Phlogiston theorists identified three essences which comprise all matter: sulfur or terra pinguis, the essence of inflammability; mercury or terra mercurialis, the essence of fluidity; and salt or terra lapida, the essence of fixity and inertness. In this respect phlogiston theory is similar to the ancient alchemical notions of earth, air, fire, and water. The terra pinguis was renamed phlogiston. In this view, metals were made of a "calx" (or residue) combined with phlogiston, the fiery principle, which was liberated during combustion, leaving only the calx. Air, according to the theory, was merely the receptacle for phlogiston; all combustible or calcinable substances, in fact, were not elements but compounds containing phlogiston. Rusting iron, for instance, was believed to be losing its phlogiston and thereby returning to its elemental state.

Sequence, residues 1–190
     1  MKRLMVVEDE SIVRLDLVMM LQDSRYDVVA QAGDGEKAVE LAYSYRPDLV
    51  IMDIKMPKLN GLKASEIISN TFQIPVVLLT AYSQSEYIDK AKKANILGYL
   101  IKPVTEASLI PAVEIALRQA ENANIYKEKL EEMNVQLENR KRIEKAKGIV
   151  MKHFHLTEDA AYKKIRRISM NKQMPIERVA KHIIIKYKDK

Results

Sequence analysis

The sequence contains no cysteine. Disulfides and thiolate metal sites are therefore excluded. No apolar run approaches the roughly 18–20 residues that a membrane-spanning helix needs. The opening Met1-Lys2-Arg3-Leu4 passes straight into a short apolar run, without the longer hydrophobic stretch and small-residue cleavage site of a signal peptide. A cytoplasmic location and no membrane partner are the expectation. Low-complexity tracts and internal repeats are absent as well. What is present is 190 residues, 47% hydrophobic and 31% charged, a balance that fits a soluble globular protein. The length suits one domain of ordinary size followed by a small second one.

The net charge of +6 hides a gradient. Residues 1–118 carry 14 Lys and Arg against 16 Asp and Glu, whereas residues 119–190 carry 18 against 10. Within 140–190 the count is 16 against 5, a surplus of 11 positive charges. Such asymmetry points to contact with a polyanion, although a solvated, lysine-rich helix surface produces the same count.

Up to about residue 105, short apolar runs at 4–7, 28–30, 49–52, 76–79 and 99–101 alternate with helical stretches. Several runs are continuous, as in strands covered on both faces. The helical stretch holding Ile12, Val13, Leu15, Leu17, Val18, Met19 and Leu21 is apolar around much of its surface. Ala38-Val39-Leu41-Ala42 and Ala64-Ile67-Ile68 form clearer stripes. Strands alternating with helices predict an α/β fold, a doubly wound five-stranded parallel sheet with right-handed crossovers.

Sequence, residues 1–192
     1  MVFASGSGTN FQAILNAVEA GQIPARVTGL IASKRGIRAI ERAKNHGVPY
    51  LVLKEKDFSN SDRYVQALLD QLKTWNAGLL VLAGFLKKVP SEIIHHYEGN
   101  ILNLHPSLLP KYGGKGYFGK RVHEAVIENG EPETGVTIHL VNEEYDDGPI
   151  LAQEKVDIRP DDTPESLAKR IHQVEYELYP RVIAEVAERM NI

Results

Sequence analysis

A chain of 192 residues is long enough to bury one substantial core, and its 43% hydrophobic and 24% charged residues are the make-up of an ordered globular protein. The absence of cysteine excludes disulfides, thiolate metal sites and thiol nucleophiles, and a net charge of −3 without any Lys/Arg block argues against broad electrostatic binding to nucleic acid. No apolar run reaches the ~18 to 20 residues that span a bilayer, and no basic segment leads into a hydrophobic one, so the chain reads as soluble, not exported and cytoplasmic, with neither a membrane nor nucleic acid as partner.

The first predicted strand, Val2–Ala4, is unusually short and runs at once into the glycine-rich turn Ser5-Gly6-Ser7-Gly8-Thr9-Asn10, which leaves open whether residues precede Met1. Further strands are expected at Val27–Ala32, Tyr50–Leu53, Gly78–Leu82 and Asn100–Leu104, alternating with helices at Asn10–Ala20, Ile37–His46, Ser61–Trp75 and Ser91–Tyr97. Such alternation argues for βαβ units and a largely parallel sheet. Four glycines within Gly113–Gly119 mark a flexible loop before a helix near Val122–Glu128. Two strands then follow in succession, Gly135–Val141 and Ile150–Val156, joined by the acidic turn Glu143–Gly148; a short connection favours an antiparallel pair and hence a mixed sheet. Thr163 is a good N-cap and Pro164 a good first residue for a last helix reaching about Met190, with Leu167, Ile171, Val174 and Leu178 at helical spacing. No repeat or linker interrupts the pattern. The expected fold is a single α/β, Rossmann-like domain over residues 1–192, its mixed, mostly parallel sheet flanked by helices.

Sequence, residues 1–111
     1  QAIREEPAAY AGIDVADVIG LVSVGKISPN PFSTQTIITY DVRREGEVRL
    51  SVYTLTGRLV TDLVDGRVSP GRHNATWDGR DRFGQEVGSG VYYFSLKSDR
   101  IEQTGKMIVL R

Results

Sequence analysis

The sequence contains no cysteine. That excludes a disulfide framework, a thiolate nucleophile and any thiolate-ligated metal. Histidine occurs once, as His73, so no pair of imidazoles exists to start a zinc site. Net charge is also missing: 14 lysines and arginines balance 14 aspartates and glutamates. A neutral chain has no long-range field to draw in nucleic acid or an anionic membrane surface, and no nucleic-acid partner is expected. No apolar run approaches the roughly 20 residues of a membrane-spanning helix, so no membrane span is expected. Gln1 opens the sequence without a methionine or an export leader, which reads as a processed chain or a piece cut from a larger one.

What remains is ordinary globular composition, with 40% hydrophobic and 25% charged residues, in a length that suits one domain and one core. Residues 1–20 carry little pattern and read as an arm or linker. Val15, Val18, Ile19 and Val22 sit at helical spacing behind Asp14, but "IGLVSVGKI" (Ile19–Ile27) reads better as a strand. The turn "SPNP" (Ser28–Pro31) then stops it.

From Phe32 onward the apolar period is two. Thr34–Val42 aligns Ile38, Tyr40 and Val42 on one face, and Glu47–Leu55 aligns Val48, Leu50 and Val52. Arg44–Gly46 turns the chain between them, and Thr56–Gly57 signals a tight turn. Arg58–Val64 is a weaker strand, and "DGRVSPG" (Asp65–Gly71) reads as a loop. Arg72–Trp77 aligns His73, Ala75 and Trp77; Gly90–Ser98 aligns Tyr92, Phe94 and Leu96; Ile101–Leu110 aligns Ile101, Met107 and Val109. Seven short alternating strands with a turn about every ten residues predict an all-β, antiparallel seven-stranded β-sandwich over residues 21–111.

Phlogiston theory was widely supported throughout the eighteenth century, although it came under increasing attack as empirical research pointed up its difficulties. When it was determined that some metals actually gained mass when burnt, partisans explained it by giving phlogiston a negative mass. Even Priestley believed in the theory until his death, convinced that his discovery of oxygen was "dephlogisticated air." It was up to Lavoisier to realize the significance of his discovery.
Lavoisier made a symbolic break with phlogiston theory by burning all textbooks that supported the theory, just as Paracelsus had destroyed his copies of the works of the medieval medical authorities. His theory of oxidation soon replaced phlogiston theory, and remains a part of modern chemistry.